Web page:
“if I had a vision or you had a vision or he had
a vision to find out Eternity,
who journeyed to Denver, who died in Denver, who
came back to Denver & waited in vain, who
watched over Denver & brooded & loned in
Denver and finally went away to find out the
Time, & now Denver is lonesome for her heroes”
“Love is All!”
I can’t be the only one who sees you
as this mosque spun woven gold
synagogue without formality
shofar blown car horn calling prayer
2218 random times a day
thunder-clap conducted choir
auto alarms arpeggiated against
sewer caps rattling adagio.”
“I’m from a place that’s so elevated, what we call welcome mats
Other cities mistake for clouds.
With nine different flavors of sunset and a horizon Van Gough would call a masterpiece,
And even make him proud.
Centennial State, where the gods come to sample the air
And breathe so free.
So, tell Zeus the new area code for Mount Olympus
“requiems & momentum & trimmings of bushes
dried hibiscus & hawks & shyness
brought to this place of love.”
“May the mists of time and ignorance fall away… May we know who we are..”
The mural’s anti-graffiti component was carried out through Emily Griffith High School and Bridge Place Academy. At Emily Griffith, over 70 students attended the anti-graffiti discussion I facilitated doubling my expected attendance. Students learned about the transformative power of art when backed by a community and how dramatically this way of working differs from vandalism. All students participated actively and walked away with a sense of their own ability to impact their environment in a positive way. As part of their participation these students created a set of alphabet stencils that was later used to place the above poems on the underpass. At Bridgeplace Academy 18 refugee students participated in a similar in-class activity focusing on graffiti prevention and how art can create a sense of community and belonging. These students, aged 12-13, also created a lovely set of stencils used for the wall. The remaining 30 volunteers who helped with the wall included various artists from across the greater Denver Metro Area including Cassie Zook and Jana Hope, recent RMCAD graduates, Daniel Chavez of DCM Murals, Jeremy Fagan owner of Mandala Painters, Juan Stuart instructor at Justice High, Enrique Maestas from Metropolitan State University of Denver, Christina Moglino (a visiting San Francisco artist) and the various young adult volunteers they brought as part of their teams. The variety of styles and additions to the wall is a testament to the variety of participants and the representation of young voices in the final piece. Furthermore the overall style represents the requests of the many community members queried during the project’s planning phase who requested no graffiti lettering in the piece and a representation of the variety and diversity of poets who have composed major work in Denver. The inclusion of a section of Corky Gonzales’ piece “I am Joaquin” represents a direct request from one of the assistants to City Councilwoman Judy Montero.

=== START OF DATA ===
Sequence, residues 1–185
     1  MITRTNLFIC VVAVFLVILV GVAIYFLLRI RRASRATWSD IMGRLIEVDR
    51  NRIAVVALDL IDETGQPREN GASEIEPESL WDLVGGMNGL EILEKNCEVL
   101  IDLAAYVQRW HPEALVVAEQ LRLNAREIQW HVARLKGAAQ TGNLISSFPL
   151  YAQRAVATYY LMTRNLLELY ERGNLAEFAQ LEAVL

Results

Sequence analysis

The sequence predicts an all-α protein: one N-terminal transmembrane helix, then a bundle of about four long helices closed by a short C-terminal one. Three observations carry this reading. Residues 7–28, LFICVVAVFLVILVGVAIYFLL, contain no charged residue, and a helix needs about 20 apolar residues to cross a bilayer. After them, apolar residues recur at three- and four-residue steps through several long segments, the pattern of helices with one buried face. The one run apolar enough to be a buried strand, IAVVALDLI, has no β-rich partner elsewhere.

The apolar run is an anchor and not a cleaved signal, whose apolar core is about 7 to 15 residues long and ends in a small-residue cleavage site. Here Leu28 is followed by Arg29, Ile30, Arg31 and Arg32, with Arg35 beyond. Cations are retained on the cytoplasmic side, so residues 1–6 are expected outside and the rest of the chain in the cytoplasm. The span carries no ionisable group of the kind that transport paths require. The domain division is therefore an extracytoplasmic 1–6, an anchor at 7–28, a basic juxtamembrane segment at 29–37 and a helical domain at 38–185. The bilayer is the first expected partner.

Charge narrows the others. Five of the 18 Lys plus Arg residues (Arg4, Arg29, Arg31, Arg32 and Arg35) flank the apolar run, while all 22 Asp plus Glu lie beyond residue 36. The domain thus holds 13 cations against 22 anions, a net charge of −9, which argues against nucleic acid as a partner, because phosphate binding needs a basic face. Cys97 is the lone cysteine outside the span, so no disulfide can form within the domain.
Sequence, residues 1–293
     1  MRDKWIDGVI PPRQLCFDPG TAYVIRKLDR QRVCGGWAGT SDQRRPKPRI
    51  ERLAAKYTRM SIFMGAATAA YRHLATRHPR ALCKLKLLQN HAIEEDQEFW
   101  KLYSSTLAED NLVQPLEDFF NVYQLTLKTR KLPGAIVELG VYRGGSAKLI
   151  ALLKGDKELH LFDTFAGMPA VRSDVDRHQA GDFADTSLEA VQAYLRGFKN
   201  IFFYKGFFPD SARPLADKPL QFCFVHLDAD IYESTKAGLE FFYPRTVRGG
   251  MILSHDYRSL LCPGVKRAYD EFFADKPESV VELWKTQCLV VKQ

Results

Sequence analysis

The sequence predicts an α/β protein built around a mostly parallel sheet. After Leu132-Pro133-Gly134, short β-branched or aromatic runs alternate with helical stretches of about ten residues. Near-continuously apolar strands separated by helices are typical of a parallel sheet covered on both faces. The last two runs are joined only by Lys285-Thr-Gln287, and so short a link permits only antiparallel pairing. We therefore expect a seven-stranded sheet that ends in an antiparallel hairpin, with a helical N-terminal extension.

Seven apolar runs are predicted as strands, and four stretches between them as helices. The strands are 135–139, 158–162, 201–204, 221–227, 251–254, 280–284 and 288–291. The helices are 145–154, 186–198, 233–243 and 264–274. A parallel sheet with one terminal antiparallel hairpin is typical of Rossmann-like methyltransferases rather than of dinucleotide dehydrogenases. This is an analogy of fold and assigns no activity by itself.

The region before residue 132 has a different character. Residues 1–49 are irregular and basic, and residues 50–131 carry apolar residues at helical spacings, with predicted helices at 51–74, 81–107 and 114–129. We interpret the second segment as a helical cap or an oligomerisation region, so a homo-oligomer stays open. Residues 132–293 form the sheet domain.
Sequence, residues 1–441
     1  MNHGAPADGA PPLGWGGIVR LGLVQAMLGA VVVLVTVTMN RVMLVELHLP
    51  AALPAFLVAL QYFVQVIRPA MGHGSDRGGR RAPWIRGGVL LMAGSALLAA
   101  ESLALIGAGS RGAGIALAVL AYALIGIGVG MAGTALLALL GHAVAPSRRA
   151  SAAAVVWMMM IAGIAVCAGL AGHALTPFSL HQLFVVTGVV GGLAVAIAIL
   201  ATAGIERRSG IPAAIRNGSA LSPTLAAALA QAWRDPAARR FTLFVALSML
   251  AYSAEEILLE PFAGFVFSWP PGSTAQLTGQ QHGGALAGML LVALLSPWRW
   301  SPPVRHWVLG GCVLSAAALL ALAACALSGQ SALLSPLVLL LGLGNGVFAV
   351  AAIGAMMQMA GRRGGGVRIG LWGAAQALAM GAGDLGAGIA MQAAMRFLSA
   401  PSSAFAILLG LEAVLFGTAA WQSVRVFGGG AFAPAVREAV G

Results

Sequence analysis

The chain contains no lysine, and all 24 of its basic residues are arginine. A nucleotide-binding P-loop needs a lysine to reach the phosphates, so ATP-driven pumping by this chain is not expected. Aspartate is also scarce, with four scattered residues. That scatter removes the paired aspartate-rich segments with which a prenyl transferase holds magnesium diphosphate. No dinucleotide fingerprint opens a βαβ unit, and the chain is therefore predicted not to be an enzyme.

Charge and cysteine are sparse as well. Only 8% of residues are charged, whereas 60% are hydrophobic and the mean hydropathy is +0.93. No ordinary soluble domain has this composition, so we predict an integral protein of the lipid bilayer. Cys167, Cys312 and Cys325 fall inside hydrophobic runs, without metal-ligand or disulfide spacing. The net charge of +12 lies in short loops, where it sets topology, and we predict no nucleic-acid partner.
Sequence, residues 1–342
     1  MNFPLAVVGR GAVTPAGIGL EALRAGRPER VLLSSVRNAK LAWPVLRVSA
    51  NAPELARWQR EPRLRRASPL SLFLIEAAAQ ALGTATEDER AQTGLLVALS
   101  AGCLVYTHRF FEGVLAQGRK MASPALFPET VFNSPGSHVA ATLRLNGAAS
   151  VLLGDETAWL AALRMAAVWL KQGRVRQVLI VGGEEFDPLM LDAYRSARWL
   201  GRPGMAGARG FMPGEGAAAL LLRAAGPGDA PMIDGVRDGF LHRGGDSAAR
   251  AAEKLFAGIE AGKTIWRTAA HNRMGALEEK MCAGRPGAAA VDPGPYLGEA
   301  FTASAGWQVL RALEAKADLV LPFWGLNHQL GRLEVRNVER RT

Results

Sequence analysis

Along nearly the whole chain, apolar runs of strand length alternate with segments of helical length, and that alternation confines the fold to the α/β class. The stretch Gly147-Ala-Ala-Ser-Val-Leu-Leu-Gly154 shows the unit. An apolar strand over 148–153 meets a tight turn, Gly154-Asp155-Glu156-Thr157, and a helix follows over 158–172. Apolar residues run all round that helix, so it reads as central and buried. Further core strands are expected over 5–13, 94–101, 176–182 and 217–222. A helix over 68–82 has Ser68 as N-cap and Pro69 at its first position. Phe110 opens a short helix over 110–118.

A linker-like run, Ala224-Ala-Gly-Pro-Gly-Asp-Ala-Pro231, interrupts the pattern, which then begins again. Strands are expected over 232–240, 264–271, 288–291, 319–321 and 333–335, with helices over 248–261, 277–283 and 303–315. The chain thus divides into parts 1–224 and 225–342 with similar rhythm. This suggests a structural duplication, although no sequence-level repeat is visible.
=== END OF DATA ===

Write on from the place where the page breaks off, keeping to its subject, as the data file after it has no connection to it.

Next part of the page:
The recent Denver Post article celebrating the wall http://www.denverpost.com/denver/ci_24411498/denver-urban-art-mural-38th-avenue speaks to the piece’s popularity. Truly I believe that this project, in my years of doing community driven art, is the finest yet measuring a full 285 feet long and between 11’ to 22’ feet high . The transformation of the space from a dingy, vandalized and littered upon underpass to a colorful celebration of our city, its youth, writers and artists speaks to the great value that the Denver Urban Arts Fund brings to Denver residents every day.